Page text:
Luzhkov promised that he will prevent the purchase of bankrupt industrial and other enterprises, as well as the shutdown of Young Pioneer camps around Moscow. Luzhkov called on the labor unions to oppose the privatization of such camps, which now belong to local enterprises. (The aforesaid enterprise purchases would also entitle their new owners to huge land plots all over Moscow - Ed.) Mikhail Shmakov, chairman of the Federation of Independent Russian Labor Unions, virtually solidarized with Luzhkov on the pension-reform issue.
We oppose changes in national legislation, as well as the abolition of our achievements of the last decade, Shmakov informed those present.
Russian labor unions will support those specific parties, which fulfil workers' demands, Shmakov stressed.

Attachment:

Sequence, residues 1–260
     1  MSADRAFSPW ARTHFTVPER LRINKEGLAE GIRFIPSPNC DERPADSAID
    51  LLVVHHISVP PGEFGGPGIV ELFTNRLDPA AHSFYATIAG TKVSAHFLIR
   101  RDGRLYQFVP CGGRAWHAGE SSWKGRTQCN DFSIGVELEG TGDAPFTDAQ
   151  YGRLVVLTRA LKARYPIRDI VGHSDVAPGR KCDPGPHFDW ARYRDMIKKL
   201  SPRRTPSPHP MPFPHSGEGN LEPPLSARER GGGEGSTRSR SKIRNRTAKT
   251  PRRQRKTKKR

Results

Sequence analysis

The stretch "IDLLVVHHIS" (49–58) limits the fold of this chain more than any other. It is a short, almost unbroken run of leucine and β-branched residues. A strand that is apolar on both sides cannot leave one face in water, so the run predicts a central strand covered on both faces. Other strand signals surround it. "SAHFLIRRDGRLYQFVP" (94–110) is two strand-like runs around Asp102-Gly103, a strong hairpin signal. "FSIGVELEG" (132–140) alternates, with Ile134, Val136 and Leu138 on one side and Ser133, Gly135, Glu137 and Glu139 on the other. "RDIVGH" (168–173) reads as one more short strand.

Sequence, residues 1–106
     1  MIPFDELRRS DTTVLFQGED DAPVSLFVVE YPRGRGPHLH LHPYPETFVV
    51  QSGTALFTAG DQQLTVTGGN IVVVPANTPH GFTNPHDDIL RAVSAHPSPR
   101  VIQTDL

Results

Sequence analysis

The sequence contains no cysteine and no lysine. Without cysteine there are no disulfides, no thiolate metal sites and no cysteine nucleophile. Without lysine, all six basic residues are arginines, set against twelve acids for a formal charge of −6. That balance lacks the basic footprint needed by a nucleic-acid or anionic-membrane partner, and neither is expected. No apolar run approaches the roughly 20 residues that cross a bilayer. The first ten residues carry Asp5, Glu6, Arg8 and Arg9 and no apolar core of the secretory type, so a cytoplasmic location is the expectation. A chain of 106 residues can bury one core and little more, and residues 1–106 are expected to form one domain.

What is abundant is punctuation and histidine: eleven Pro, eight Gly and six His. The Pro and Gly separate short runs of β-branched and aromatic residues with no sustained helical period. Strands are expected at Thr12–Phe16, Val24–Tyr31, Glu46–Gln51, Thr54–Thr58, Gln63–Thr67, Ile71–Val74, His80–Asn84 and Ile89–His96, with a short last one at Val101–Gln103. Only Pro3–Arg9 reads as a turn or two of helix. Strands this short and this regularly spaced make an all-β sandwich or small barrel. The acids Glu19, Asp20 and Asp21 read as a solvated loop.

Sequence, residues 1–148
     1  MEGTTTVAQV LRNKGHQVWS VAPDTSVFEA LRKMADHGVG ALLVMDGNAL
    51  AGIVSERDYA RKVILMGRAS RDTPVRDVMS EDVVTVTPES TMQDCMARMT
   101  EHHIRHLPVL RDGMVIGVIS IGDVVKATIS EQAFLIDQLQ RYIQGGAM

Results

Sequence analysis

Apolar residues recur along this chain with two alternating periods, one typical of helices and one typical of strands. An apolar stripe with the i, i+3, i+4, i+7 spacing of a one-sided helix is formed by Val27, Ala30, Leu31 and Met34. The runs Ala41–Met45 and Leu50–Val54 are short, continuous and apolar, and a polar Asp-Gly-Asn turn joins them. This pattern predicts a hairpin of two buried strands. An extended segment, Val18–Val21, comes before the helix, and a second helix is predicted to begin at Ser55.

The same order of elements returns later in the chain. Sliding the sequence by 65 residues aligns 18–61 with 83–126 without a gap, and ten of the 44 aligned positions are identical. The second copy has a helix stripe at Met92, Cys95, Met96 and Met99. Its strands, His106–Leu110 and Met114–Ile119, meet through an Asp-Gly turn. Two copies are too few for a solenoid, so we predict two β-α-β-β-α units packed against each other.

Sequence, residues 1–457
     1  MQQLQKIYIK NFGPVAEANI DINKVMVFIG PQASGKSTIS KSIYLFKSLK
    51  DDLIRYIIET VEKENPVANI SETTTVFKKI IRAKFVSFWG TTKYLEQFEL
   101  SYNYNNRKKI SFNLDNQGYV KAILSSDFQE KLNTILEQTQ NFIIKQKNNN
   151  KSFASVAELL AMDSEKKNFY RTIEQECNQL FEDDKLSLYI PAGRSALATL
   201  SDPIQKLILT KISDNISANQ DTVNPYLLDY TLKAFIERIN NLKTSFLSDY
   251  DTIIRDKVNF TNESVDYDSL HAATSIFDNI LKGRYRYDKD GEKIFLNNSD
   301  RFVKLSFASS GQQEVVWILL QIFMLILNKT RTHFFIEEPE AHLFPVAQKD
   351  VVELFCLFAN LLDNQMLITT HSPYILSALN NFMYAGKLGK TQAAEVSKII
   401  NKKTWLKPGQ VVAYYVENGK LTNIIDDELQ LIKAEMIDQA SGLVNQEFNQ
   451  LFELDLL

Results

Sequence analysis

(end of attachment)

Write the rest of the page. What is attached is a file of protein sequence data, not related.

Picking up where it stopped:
High wages are the best remedy for unemployment, the chairman of the Federation of Independent Russian Labor Unions believes.
The 100th anniversary of the Russian labor-union movement will be celebrated in 2005, Shmakov told his audience.
Tsars and leaders have left the stage of history, but labor unions still remain, Shmakov said in conclusion.
Such populist statements on the part of Luzhkov and Shmakov can be explained by their striving to act as champions of ordinary working people's rights. Still one gets the impression that spontaneous rallies are not the best occasion for informing the powers that be, all the more so as Luzhkov is among them.